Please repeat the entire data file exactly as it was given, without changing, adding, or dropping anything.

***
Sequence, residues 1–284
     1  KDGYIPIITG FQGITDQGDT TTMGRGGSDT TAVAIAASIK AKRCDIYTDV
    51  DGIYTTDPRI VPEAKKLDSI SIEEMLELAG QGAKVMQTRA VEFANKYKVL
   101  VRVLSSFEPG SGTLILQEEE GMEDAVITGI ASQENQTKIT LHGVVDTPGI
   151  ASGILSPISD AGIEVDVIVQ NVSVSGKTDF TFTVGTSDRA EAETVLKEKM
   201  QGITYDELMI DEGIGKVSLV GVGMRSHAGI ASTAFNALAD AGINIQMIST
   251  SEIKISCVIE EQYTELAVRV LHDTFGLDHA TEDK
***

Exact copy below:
Sequence, residues 1–284
     1  KDGYIPIITG FQGITDQGDT TTMGRGGSDT TAVAIAASIK AKRCDIYTDV
    51  DGIYTTDPRI VPEAKKLDSI SIEEMLELAG QGAKVMQTRA VEFANKYKVL
   101  VRVLSSFEPG SGTLILQEEE GMEDAVITGI ASQENQTKIT LHGVVDTPGI
   151  ASGILSPISD AGIEVDVIVQ NVSVSGKTDF TFTVGTSDRA EAETVLKEKM
   201  QGITYDELMI DEGIGKVSLV GVGMRSHAGI ASTAFNALAD AGINIQMIST
   251  SEIKISCVIE EQYTELAVRV LHDTFGLDHA TEDK